New Technology from Germany

April 18, 2019
Mankiewicz has developed revolutionizing new coatings which will enable a fully customized curing behavior of paint for aircraft exteriors, along with an antimicrobial coating to improve in-flight hygiene

The Germany-based paint specialist, Mankiewicz delivers paint solutions for aircraft exteriors and interiors. Paint has evolved over time and has functions today, not known before, bringing apparent and hidden benefits.

New Generation of Germ-Reducing Coatings

With an antimicrobial, FST Coating, Mankiewicz declared war several years ago to germs inside the aircraft.The second generation of this paint, called ALEXIT PureGuard, is now coming to the market preventing mold and odors, further helping to improve in-flight hygiene. The new generation, the ALEXIT PureGuard, will be debuted in April at AIX 2019, Hamburg,Germany, fitted with active antimicrobial agents to protect the dried paint film. It contains special chemicals that hinder the spread of mold and unpleasant odors, and in this way the paint contributes to hygiene of aircraft surfaces in areas like lavatories, armrests, etc. According to the manufacturer, their coatings don’t have any toxic side effects.

The predecessor paint was available as a textured or smooth topcoat in a wide color range. The new generation is now additionally available as a clear coat which opens up many new possibilities for use. The clearcoat can be applied onto almost any surface or substrate like foil, existing paint, or plastic surfaces. The clear coat is colorless and does not adversely affect the appearance of the treated surface.

Smooth Surfaces for 3-D Printed Components

The modern 3-D-printed components don’t have really smooth surfaces as parts being "grown,"  through point by point laser melting, have a relatively rough surface, with deep furrows, so it is usually necessary to treat them with fillers. Mankiewicz has developed a special product for aviation with a remedy to this problem. In order for the paint to achieve a shiny and smooth surface it is necessary to first eliminate the furrows with fillers. As they are deeper than the unevenness normally found on aircraft components, a larger amount of filler material is needed. When applied in thicker layers, many fillers no longer pass the heat release rate test and so are unsuitable for the aviation industry. The new Mankiewicz filler passes the heat release rate test.

Paint Curing at Fingertips

Last but not least, Mankiewicz says it has developed a revolutionizing new coating which will enable a fully customized curing behavior of paint for aircraft exteriors. This product aims to revolutionize how coatings are applied to aircraft exteriors. The project is called “Snap Curing” and its special formulation permits a very accurate, custom setting of the drying time. What at first may not sound so spectacular, according to Mankiewicz, is in fact a revolutionary step forward for aircraft manufacturers and MROs alike, because the drying times of paint have often given rise to difficulties in the past. While the paint applied on small parts can dry fast and preferably immediately, for larger surfaces of aircraft it is better when it stays "wet" longer, because it is not possible to achieve a perfect surface quality when the paint begins to dry before the coating process is finished. If the paint dries too fast, faults and irregularities can appear; when it dries too slow, this lead to delays.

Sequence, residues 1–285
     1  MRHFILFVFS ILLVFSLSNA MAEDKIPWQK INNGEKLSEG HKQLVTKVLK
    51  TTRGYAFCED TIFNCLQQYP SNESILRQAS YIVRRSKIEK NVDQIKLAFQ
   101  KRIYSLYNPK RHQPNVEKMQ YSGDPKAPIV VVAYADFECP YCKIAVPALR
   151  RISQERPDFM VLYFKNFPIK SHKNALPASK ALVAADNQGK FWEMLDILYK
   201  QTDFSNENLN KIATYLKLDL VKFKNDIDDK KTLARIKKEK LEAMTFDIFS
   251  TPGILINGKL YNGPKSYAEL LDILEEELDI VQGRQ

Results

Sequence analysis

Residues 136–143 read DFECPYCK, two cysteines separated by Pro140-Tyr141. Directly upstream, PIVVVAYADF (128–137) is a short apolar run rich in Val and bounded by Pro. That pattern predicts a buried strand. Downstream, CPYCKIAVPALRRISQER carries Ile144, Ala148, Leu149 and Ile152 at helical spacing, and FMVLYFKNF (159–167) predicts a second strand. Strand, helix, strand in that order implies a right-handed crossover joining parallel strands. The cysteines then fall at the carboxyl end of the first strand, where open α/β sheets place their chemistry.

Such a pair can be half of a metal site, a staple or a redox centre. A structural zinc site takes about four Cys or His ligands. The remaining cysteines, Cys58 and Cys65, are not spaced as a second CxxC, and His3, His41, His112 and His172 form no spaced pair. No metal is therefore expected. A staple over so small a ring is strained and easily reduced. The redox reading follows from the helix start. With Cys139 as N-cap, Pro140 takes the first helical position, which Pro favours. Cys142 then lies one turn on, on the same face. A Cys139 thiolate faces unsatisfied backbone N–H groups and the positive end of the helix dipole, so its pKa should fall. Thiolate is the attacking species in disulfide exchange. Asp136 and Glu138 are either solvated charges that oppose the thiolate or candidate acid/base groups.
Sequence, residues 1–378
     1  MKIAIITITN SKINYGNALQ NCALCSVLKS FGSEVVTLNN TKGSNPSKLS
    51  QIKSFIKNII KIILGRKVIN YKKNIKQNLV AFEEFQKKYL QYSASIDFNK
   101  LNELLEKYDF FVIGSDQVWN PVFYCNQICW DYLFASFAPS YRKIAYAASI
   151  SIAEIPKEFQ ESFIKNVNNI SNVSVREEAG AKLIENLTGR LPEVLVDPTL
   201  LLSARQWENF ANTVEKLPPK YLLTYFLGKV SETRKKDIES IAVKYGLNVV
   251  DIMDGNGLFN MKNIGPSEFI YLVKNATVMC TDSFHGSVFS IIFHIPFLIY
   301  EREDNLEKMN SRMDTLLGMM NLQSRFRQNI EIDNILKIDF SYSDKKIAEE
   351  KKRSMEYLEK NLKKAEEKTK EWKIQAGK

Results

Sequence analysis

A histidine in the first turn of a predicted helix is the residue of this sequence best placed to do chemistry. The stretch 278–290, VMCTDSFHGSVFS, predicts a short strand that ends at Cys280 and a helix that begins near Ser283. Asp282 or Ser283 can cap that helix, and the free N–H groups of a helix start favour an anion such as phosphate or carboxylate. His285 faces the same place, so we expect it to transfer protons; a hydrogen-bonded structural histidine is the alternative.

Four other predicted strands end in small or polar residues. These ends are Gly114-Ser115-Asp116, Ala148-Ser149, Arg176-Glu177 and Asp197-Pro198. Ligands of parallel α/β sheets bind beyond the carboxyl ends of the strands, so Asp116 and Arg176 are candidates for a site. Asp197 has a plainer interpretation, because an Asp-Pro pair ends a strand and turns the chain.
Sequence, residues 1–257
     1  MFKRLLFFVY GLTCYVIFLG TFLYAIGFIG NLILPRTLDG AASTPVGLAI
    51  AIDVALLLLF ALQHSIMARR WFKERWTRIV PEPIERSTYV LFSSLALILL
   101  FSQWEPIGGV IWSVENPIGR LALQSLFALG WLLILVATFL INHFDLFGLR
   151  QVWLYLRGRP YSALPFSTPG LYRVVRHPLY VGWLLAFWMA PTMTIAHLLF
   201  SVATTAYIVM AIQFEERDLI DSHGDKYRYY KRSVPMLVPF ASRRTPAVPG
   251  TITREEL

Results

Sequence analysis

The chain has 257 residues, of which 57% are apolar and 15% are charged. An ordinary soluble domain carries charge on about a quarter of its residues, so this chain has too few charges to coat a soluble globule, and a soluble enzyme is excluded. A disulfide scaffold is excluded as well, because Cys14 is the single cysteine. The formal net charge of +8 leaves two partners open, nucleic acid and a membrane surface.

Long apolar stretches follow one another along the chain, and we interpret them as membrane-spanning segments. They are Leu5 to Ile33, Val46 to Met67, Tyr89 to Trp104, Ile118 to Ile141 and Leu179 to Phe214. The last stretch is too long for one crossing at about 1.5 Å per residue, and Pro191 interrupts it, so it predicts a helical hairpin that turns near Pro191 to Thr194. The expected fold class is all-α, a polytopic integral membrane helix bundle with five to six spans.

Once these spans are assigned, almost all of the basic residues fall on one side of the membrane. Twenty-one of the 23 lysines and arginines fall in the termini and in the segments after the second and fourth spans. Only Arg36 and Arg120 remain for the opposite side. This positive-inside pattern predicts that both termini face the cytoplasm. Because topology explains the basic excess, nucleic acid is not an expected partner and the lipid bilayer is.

The Snap Cure technology allows for the customization of the drying behavior, based on the unique resin technology. The special chemicals inhibit the cross-linking reaction in the paint and the amount of chemicals added allows precise adjustment of how long the paint reaction should be delayed. The paint open-time of 15 to 90 minutes can be precisely set so the coating remains fully uncured and able to accept an overspray from the surrounding surfaces. After the chosen time, the coating cures instantly, reaching the fully cured stage within 20 minutes.

The result is similar to UV curing, but Snap Cure requires no external trigger, so investment in UV drying systems is obsolete. Additionally, the pot life can be set independently of the drying or open time; up to now pot life of up to 12 hours has been realized.